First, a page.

What Trump and Fox News hosts said about hydroxychloroquine

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At the top of his prime time show Tuesday night, Tucker Carlson hyped a video featuring two California doctors who downplayed the threat of the coronavirus. The doctors, Dan Erickson and Artin Massihi, are the co-owners of an urgent care clinic in Bakersfield. They went viral in the last few days for delivering a presentation last week in which they suggested the mortality rate of Covid-19 is similar to the flu.

    The arguments the doctors put forward have been widely criticized. The American College of Emergency Physicians and the American Academy of Emergency Medicine said in a joint statement that they “emphatically condemn the recent opinions released” by Erickson and Massihi. And YouTube removed the video for violating its community guidelines, which have been strengthened to prevent coronavirus misinformation from spreading rampantly on the platform.
    But Carlson promoted their claims anyway. In fact, the Fox News host argued that “what YouTube just did” by removing the video will be seen “as a turning point in the way we liven this country.” He declared that YouTube and Google “have now officially banned dissent.”
    Over on MSNBC, at the same time Carlson was spotlighting the claims from the doctors, Chris Hayes was working to debunk them. Characterizing Fox News as comprised of “coronavirus truthers,” Hayes quoted University of Washington biologist Dr. Carl Bergstrom who said the doctors had “used methods that are ludicrous to get results that are completely implausible.” Hayes also highlighted the blatant hypocrisy in Fox’s top hosts calling for people to return to work when Fox’s own executives have instructed the network’s staff to work from home.

    It was another perfect case study in the choose-your-own-news phenomenon that has come to define the media in the last few years. It’s not just that Hayes and Carlson were offering different viewpoints to their audiences. The two shows were mirror images of each other. What Carlson said, Hayes debunked. But, stuck in their bubble, Carlson’s audience will likely not see the information Hayes outlined.

    Then versus now

    Brian Lowry emails: Remember when Carlson’s monologue reportedly prompted the president to take the coronavirus threat more seriously? It’s a long way from that interlude — way back in mid-March — to the Fox News host now stating, with unsupported absolute certainty, that the virus “just isn’t nearly as deadly as we thought it was.”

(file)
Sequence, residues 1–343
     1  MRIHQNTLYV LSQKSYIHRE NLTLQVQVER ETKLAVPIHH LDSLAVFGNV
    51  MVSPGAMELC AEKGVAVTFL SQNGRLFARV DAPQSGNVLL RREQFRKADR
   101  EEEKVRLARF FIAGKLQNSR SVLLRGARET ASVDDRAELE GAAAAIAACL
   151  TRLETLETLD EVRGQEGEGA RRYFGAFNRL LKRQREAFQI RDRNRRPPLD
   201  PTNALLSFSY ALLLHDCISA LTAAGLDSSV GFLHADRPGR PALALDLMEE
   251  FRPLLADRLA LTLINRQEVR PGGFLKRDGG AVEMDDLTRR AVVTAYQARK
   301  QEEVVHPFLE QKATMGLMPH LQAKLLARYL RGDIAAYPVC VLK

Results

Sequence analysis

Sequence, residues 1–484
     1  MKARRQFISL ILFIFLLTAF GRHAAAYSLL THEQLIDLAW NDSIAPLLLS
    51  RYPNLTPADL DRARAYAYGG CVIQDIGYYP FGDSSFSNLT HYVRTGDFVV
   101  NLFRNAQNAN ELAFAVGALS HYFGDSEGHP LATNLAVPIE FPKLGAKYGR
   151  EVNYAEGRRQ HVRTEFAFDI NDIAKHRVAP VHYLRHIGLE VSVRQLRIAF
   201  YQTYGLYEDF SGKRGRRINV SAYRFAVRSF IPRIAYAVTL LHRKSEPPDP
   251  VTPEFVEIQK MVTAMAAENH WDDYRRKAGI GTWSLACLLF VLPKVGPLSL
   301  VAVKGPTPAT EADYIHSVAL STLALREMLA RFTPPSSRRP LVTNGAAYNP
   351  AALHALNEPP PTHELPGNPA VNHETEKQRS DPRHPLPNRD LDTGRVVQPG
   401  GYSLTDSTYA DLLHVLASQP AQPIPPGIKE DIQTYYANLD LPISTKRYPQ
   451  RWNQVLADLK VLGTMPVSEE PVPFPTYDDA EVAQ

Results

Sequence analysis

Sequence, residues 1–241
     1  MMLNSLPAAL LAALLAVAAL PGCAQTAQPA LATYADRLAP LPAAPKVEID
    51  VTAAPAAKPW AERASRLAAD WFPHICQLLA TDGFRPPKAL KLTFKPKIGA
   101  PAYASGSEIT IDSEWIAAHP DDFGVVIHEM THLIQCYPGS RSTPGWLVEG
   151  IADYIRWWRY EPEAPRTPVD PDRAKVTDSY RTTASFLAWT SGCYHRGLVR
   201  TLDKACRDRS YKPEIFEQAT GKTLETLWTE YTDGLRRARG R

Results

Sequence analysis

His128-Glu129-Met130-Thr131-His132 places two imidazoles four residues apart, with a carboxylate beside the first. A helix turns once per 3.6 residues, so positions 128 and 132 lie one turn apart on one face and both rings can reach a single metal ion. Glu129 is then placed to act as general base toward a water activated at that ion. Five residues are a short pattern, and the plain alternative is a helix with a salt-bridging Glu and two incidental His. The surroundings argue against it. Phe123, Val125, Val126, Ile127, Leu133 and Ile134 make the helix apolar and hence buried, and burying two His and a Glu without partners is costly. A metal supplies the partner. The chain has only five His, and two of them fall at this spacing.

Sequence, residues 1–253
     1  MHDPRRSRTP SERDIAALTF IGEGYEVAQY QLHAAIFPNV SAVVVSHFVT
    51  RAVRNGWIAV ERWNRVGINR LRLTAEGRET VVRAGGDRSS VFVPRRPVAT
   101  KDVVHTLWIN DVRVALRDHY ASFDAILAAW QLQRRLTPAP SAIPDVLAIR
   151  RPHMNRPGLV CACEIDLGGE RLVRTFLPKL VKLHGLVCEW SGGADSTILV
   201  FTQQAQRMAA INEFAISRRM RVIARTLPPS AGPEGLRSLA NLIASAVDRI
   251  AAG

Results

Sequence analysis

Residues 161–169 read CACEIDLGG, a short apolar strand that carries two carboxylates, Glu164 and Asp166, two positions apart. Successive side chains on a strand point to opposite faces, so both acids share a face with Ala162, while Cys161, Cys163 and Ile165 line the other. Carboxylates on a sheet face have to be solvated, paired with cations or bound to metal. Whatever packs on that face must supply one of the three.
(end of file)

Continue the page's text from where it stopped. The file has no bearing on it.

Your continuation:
Conservatives rage against YouTube

    A large portion of Carlson’s opening monologue was aimed at skewering YouTube for removing the video featuring the California doctors. Positioned in front of a graphic that read “BIG TECH CENSORSHIP,” Carlson argued, “The only justification for taking it down was that the two physicians on screen had reached different conclusions from the people currently in charge. It was a form of dissent from orthodoxy.”
    Other conservatives also expressed outrage. Ted Cruz wrote in a tweet, “YouTube & Google should NOT have the power to censor speech—partularly on critical issues of concern. The doctors’ views here aren’t fraud. If YouTube disagrees, argue ON THE MERITS. Don’t abuse monopoly power—and special congressional liability immunity—to become speech police.”
    In a statement, YouTube said in part, “We quickly remove flagged content that violate our Community Guidelines, including content that explicitly disputes the efficacy of local healthy authority recommended guidance on social distancing that may lead others to act against that guidance….From the very beginning of the pandemic, we’ve had clear policies against COVID-19 misinformation and are committed to continue providing timely and helpful information at this critical time.”

    Meanwhile, YouTube also being hammered from the left

    Donie O’Sullivan emails: Virginia Senator Mark Warner blasted YouTube on Tuesday after a CNN report Monday detailed how a US Army reservist in Virginia had become the target of conspiracy theorists falsely putting her at the start of the coronavirus outbreak. Warner’s office reached out to YouTube on Monday asking why the company hadn’t taken down all the videos targeting the woman.
    YouTube told CNN Monday that it had taken down videos from conspiracy theorist George Webb’s YouTube channel targeting Maatje Benassi, the US Army reservist. Warned told CNN Tuesday, “This shouldn’t be something that requires attention from a major news network and a U.S. Senator to fix.”
    “It’s clear that the blanket grant of immunity for sites like YouTube has resulted in platforms that are too big and unresponsive to the harms they promote,” he added, saying Congress need to act. YouTube said it will continue monitoring Webb’s YouTube channel.

      Fact check info panels head to United States

      Speaking of YouTube and misinfo… YouTube announced on Tuesday that it will expand its fact check information panels to the United States. The panels display fact checks when users search certain key words and topics. The company noted people rely on YouTube for accurate information, adding that the pandemic “has reaffirmed how important it is for viewers to get accurate information during fast-moving events.” YouTube is partnering with over a dozen publishers in the United States, includingThe Dispatch, WaPo, FactCheck.org, and others.
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